In addition to the general trade mark for goods or services or both goods and services, Saint Lucia also considers the registration of collective marks, certification marks and defensive marks. No clear distinction is made in respect of service marks as they are considered trade marks associated with services and are registered in the same manner as trade marks for goods.
The rights in such trade marks are based on statutory law and are governed by the Trade Marks Act and Trade Marks Regulations of Saint Lucia, Cap 13.30 of the Revised Edition of the Laws of Saint Lucia (together, "the Act").
While a trade mark must be registered in order to be protected, unregistered trade mark rights may be afforded protection under common law.
In Saint Lucia, the Registry of Companies and Intellectual Property (ROCIP) is statutorily charged with the responsibility for administering the registration of trade marks and keeping the Register of Trade Marks, which is publicly available. There is only one standard trade mark register.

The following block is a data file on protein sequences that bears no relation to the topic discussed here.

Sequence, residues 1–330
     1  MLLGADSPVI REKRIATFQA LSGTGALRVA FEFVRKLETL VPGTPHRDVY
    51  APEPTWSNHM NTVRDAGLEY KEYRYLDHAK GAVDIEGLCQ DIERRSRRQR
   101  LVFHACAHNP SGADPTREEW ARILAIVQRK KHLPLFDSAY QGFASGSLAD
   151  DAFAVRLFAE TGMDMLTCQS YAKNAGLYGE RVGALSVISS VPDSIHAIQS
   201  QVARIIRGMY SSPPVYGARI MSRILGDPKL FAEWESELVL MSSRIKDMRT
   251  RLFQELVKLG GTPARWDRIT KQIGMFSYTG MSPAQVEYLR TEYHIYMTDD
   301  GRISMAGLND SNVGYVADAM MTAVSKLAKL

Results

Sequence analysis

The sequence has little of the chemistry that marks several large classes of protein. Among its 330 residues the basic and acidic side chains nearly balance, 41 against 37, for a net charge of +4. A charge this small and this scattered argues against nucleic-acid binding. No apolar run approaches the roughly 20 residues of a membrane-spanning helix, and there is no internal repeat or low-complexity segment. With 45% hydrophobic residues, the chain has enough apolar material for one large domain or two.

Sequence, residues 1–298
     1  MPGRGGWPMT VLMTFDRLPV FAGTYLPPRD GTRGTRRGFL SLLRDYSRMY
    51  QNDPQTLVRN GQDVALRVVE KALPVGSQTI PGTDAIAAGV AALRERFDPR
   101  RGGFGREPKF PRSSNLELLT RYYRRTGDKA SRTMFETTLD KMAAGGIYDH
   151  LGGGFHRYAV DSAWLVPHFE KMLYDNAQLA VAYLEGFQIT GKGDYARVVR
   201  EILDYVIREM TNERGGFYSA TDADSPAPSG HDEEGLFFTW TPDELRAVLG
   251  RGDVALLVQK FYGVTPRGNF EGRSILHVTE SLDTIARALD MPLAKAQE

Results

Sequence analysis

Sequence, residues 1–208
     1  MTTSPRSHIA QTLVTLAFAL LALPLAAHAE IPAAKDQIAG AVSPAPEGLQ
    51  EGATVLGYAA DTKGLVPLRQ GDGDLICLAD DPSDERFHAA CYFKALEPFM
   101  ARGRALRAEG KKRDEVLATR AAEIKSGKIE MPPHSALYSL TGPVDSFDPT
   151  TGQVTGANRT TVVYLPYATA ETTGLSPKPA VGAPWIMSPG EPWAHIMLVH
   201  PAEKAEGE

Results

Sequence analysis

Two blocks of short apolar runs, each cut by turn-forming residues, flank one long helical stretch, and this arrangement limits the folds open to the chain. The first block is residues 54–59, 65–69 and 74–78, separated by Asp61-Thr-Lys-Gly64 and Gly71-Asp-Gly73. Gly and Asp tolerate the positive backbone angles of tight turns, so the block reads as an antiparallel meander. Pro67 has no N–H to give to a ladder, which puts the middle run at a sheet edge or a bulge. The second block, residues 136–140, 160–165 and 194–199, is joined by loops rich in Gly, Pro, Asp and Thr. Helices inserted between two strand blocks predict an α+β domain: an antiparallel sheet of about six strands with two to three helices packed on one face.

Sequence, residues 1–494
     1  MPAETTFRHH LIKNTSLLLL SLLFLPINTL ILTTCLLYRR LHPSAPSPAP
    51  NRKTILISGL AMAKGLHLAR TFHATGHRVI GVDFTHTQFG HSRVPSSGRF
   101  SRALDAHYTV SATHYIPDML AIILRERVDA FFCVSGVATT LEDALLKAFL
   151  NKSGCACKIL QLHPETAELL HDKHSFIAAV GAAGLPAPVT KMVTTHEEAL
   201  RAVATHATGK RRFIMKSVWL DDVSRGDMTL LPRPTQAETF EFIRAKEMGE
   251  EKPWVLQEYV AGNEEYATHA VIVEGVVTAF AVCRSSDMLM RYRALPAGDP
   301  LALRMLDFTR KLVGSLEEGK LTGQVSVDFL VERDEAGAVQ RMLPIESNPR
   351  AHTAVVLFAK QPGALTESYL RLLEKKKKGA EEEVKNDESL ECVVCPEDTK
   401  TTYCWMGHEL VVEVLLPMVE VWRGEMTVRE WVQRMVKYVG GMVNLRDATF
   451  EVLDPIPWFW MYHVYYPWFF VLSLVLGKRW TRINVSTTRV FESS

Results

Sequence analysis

Searches at the ROCIP are more commonly conducted to ascertain the status of existing/previous trade marks. This notwithstanding, searches are also conducted prior to registration to ascertain whether there are any similar trade marks already registered and whether there is likely to be any opposition to the registration of the trade mark.
The registration requirements are standard as outlined at 1.4 Registration Requirements, save and except for:
A trade mark may be registered by a person inclusive of a body corporate or unincorporated body. Signs that may be registered as a trade mark in Saint Lucia include letters, words, names, signatures, numerals, devices, brands, headings, labels, tickets, aspects of packaging, shapes, colours and any combination thereof.
To obtain registration of a trade mark, a formal application must be made to the ROCIP. The application must include: